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The Sunday Cult Film Corner – Road Movie Season! “The Hitcher (1986)”

27 Nov

Damn it’s cold this weekend. Outside, the night has arrived and everything is covered in a thick blanket of God’s icy dandruff. We’re gorging ourselves on hot chocolates and curries to ensure that we have a thick layer of fat around our bodies so should we find ourselves locked outside, or if we fall into Tjörnin lake we won’t die of hypothermia.

To stave off the crushing boredom that surely comes from the long winter nights, over the next few weeks we at the Farm are announcing our special ROAD MOVIE SEASON of films that centre on the delights of travelling on the open road and the vehicles we use to move our flabby arses from point A to B.

To start us off, we’ve got what many regard as the numero Uno of the “Terror on the road” cult movies that always reminds us not to pick up strangers by the roadside. Ladies and gentlemen, i give to you THE HITCHER.

The directorial debut from Robert Harmon (who would go on to make a career from straight to DVD films), the Hitcher is a tense road thriller starring C. Thomas Howell as Jim Halsey, a man driving from Chicago to San Diego to deliver a car. On the way he comes across a hitchhiker (Rutger Hauer) and proceeds to give him a lift. However as soon as they pass a stranded car the Hitchhiker’s personality changes as he tells Ryder he killed the owner fo the car and he will do the same to him. Ryder managers to kick him out of the car, but then undergoes a hellish game of cat and mouse as the hitcher stalks Halsey, killing scores of people and framing him for the crimes.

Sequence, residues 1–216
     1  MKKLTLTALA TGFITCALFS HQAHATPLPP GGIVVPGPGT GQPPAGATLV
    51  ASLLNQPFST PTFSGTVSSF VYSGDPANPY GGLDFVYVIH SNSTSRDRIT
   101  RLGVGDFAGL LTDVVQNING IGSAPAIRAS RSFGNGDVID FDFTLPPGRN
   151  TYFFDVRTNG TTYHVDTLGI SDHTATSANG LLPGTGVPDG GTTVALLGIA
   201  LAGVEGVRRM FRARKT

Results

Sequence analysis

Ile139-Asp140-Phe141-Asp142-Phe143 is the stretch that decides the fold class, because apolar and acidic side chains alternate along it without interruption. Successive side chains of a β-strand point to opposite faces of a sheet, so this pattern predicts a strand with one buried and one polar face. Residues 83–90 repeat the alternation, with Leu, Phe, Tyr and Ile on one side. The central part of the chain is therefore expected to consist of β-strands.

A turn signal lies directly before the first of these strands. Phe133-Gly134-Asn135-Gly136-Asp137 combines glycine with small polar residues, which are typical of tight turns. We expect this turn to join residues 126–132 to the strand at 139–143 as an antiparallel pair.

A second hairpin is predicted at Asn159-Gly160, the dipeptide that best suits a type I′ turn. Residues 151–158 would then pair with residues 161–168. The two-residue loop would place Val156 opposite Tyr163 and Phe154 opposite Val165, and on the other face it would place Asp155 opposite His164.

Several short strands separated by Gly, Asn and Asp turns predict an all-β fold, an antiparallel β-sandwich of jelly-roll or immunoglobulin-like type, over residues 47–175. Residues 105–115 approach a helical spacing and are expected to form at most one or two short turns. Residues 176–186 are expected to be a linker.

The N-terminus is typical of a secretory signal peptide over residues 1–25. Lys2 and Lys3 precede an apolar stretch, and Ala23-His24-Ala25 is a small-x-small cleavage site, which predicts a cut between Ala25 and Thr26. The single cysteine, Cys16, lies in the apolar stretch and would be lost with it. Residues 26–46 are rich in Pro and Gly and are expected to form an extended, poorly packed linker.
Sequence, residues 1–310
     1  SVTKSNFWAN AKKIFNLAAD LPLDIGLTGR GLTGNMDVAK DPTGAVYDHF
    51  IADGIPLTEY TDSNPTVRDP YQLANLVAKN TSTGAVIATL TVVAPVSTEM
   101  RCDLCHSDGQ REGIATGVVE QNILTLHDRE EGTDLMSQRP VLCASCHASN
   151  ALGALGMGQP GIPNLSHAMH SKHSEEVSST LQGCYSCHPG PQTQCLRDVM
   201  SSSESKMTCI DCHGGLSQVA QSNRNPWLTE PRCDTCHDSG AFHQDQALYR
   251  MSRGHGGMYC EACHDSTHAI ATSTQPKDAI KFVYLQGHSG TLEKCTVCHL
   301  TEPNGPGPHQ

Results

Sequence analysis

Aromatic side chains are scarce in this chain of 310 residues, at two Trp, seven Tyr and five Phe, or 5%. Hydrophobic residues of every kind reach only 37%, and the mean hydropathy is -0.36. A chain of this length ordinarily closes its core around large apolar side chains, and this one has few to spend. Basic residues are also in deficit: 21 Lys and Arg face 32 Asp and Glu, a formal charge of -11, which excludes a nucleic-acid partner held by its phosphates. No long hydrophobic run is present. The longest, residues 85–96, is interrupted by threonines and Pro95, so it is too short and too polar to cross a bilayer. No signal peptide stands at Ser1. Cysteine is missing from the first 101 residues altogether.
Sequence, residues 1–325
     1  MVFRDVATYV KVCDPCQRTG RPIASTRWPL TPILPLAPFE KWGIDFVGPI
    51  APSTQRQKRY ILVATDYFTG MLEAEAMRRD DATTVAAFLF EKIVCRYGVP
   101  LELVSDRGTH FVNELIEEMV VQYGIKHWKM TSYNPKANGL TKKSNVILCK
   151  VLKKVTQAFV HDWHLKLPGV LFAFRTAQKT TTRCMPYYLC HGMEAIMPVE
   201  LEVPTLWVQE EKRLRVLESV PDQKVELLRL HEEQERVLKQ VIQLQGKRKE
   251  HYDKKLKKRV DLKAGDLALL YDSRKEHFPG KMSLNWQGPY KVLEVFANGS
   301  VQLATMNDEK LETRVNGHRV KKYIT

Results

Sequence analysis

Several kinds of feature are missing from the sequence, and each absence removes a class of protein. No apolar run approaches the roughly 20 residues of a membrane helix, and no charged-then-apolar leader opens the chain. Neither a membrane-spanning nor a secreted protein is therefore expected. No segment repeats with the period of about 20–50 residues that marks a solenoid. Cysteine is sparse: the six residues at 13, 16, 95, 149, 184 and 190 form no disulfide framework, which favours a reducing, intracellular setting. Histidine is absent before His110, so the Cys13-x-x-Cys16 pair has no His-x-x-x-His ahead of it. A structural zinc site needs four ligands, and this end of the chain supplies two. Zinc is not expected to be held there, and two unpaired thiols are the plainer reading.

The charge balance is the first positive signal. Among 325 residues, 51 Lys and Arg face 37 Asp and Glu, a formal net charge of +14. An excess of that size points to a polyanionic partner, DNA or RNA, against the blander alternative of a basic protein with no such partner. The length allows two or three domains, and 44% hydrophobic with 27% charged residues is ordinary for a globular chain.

When the film came out, it received numerous bad reviews stating that it was “diseased and corrupt”, “meaninglessly overblown” and “a nasty piece of homophobic angst for the age of AIDS”. Indeed much has been made of the gay subtext in the Hitcher, in particular the Hitcher’s obsession with following and observing Jim as well as the chemistry in the scenes between Hauer and Howell.

But two things make his film well worth watching. One is the total relentlessness and bleakness of the action. This is not a film that has a nice, easily wrapped up happy ending. Indeed, unlike other “normal guy” action movies, where the regular guy find balls of steel and goes gung-ho, all guns blazing, here the Halsey character seems lost and almost perpetually on the back foot in dealing with his situation. In the end there are no winners here.

The second reason is the character of the Hitcher. Seemingly an avatar for evil, he predates the remorselessness of the likes of Anton Chigurh from “No Country for Old Men” by 25 years. This is down to the superb acting by Rutger Hauer. He displays a menacing laconic charm, exuding a gleeful relish in tormenting his prey. With all those crappy, trashy DVD movies he’s made in the last decade and a bit, it’s easy to forget how powerful an actor he was capable of being when getting the right parts.

So if you want to remind yourself of how good he used to be, as well experiencing some real tense action, then get your hot chocolate warmed up and wrap yourself in a duvet to watch the action…

 
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Posted by on November 27, 2011 in Film

 

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